In the morning of the 24st of October 2018, EFAD members PAX and Stimson Center co-hosted a well-attended side event at the UN First Committee together with UNIDIR and the German and Dutch UN Disarmament ambassadors, to discuss the expanding use and proliferation of armed drones.
The discussion was opened by UNIDIR’s Director Renata Dwan. Together with diplomats and national representatives, the panel – Rachel Stohl (Stimson), Wim Zwijnenburg (PAX), and George Woodhams (UNIDIR), the Dutch ambassador of Disarmament Robbert Gabriëlse and the German ambassador Peter Beerwerth – discussed what next steps should be undertaken by the international community.
The panel highlighted worrisome signals of a growing interest in building cheap and easy-to-deploy military drones, as well as the legal and regulatory framework in which the increased use of armed drones by state and non-state actors should be understood. UNIDIR launched their new research paper Weapons of choice? that is focusing on the expanding development transfer and use of armed UAVs. Because new technologies are developing very quickly, it is of utmost important to develop common standards, or at least common understandings, of how unmanned aerial vehicles should be used and what limits on such use should be in place. States should engage in inclusive multilateral dialogue, and publicly pronounce their views on how armed drones should and should not be used.
Apart from the call for states to express their views on what the limits should be, the panel also stressed the importance of ensuring compliance with already existing international law. In a newly launched report, titled Human Rights and Human Realities, PAX showed the local perspectives on drone strikes through interviews with civilian victims of the lethal force of drone strikes. Victims who seek justice, access to information, and retribution find themselves in a legal labyrinth, rarely making any progress, mainly due to the State’s lack of transparency on the policies that informed drone strikes. If these practices are left unchallenged, they could set an alarming precedent for other state and non-state actors to follow. This concern was reiterated by the other panelists, which indicated that as drones proliferate the number of such violations might increase.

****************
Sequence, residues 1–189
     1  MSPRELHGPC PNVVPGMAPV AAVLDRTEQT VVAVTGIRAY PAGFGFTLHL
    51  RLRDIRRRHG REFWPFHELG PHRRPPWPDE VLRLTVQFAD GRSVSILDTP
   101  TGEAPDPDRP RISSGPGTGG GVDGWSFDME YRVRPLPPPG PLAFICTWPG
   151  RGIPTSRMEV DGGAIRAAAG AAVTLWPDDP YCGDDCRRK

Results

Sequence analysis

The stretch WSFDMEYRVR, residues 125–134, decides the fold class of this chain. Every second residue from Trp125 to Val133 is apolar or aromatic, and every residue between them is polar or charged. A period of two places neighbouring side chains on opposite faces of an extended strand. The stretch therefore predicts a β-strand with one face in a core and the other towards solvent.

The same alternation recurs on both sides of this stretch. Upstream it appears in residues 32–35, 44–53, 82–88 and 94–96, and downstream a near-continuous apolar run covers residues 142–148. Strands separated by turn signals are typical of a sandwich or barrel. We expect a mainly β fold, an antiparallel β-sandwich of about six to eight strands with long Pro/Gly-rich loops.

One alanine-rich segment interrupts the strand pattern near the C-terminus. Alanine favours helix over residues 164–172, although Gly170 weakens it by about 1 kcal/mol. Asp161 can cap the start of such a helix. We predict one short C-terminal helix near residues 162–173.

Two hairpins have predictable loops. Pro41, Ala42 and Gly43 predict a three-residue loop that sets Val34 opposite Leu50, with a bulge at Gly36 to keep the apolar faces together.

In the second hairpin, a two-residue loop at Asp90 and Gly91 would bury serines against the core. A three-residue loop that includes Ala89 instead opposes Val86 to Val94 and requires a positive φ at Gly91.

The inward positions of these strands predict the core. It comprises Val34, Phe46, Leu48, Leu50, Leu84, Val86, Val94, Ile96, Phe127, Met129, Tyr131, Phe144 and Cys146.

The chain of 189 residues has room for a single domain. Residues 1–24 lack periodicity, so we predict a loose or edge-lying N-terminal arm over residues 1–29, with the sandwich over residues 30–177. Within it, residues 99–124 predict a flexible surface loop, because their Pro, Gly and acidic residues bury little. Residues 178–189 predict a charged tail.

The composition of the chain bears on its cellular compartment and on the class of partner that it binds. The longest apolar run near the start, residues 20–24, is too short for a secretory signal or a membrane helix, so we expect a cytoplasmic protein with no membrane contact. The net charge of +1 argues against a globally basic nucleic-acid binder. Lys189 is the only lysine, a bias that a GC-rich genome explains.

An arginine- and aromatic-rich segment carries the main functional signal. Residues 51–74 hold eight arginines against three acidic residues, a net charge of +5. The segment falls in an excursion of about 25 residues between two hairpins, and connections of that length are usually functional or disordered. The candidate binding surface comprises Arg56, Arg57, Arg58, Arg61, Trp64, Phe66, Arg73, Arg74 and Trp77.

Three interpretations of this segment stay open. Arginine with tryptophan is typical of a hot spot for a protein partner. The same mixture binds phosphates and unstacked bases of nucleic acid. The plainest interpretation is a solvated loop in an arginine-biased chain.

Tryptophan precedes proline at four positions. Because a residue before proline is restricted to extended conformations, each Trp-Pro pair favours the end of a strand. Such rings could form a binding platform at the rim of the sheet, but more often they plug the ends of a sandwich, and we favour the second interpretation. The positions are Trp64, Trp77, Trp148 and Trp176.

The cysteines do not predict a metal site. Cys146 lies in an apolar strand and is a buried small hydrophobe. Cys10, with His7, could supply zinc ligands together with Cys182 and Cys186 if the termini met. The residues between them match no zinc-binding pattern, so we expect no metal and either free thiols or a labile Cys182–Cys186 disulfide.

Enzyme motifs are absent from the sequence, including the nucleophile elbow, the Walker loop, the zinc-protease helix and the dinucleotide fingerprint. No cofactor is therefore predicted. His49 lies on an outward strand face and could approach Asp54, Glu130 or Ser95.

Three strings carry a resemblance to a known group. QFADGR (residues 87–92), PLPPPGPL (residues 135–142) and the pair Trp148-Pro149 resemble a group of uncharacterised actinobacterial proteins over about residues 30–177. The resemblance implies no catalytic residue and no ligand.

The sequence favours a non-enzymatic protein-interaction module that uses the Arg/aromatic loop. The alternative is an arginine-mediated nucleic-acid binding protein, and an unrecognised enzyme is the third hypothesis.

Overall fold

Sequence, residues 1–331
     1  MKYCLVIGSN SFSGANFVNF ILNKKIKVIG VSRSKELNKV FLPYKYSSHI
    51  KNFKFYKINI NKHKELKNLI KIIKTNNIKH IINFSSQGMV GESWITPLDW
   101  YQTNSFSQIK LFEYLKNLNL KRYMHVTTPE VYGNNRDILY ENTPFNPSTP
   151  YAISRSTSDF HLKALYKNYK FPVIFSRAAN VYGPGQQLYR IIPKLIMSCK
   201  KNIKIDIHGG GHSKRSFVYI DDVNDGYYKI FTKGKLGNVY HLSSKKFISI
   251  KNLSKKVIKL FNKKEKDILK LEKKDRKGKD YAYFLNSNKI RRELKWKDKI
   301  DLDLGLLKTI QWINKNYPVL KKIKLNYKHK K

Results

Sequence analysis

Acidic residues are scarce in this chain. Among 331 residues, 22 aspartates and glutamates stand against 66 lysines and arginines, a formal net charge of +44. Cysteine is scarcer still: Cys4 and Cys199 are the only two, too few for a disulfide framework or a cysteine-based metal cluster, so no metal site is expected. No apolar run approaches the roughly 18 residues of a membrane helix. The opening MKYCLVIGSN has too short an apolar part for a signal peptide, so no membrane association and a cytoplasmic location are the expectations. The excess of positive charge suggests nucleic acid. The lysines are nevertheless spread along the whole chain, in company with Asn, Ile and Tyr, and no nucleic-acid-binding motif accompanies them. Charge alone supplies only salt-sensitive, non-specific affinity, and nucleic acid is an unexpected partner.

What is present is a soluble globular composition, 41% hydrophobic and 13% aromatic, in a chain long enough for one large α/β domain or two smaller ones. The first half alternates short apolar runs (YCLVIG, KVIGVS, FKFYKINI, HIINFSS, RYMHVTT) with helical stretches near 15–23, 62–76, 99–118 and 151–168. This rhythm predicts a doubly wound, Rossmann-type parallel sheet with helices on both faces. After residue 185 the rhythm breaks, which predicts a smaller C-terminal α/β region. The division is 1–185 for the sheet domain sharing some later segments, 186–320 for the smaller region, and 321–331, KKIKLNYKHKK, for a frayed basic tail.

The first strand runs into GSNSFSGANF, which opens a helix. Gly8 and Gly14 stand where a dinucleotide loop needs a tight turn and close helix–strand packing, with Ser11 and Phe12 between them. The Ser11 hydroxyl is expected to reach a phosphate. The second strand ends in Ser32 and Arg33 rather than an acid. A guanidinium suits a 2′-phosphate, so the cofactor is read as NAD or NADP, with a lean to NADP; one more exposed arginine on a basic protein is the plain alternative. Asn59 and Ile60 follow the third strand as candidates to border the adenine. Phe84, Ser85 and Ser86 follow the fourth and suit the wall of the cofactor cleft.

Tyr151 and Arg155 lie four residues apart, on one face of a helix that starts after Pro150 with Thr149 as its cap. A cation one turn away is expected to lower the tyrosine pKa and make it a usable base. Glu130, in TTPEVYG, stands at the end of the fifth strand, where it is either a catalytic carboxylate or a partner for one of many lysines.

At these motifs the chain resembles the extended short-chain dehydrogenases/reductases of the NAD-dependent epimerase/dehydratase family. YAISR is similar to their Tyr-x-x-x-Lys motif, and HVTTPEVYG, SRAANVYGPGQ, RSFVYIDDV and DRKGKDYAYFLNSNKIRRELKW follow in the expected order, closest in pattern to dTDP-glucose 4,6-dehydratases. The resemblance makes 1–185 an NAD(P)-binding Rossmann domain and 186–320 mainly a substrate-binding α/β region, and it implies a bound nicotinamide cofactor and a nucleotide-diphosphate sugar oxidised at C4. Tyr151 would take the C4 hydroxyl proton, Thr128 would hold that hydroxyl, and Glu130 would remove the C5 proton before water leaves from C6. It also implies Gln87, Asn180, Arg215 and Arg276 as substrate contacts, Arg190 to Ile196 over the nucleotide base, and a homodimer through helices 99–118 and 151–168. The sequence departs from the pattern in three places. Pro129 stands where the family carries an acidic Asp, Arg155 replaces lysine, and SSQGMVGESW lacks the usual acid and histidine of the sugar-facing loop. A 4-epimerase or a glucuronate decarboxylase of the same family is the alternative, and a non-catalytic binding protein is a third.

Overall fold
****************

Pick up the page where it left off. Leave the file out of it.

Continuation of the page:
The current debate on controlling the use of armed drones is focused on the export of armed drones, but it has several gaps. The US-led Joint Declaration for the Export and Subsequent Use of Armed or Strike-Enabled Unmanned Aerial Vehicles (UAVs) only covers the use of drones which were exported, not those developed domestically. However, another recent report by PAX titled Unmanned Ambitions explained how an increasing number of states are growing domestic production capabilities for financial and security reasons. Moreover, many states are acquiring drones which are unarmed but could potentially be armed in the future. It is of utmost important to discuss what these developments mean for the international stability. Do we need to develop more processes and procedures to better control, regulate or establish international standards for drone proliferation and use? Or are the current tools sufficient? Stimson added to this debate with an analysis of how the ATT is applicable to armed drones export controls and looked ahead on what is needed to ensure strong international standards on the use of armed drones.
In the discussion, the panel elaborated on whether strengthening or more fully implementing the current control regimes would sufficiently address the above mentioned concerns. Relevant stakeholders, including States, civil society, and the industry, should answer these questions by considering what characteristics of drones make them particularly unique for pursuing (new) standards and norms to guide the use and transfer of armed drones. Questions from the audience indicated that there was also a need to keep a focus on the disputed use of drone strikes and ensure a strong pushback against those who threaten to undermine this with loose interpretations of legal principles. A beginning of such an informed discussion was set with this side event, and will hopefully be continued in the future.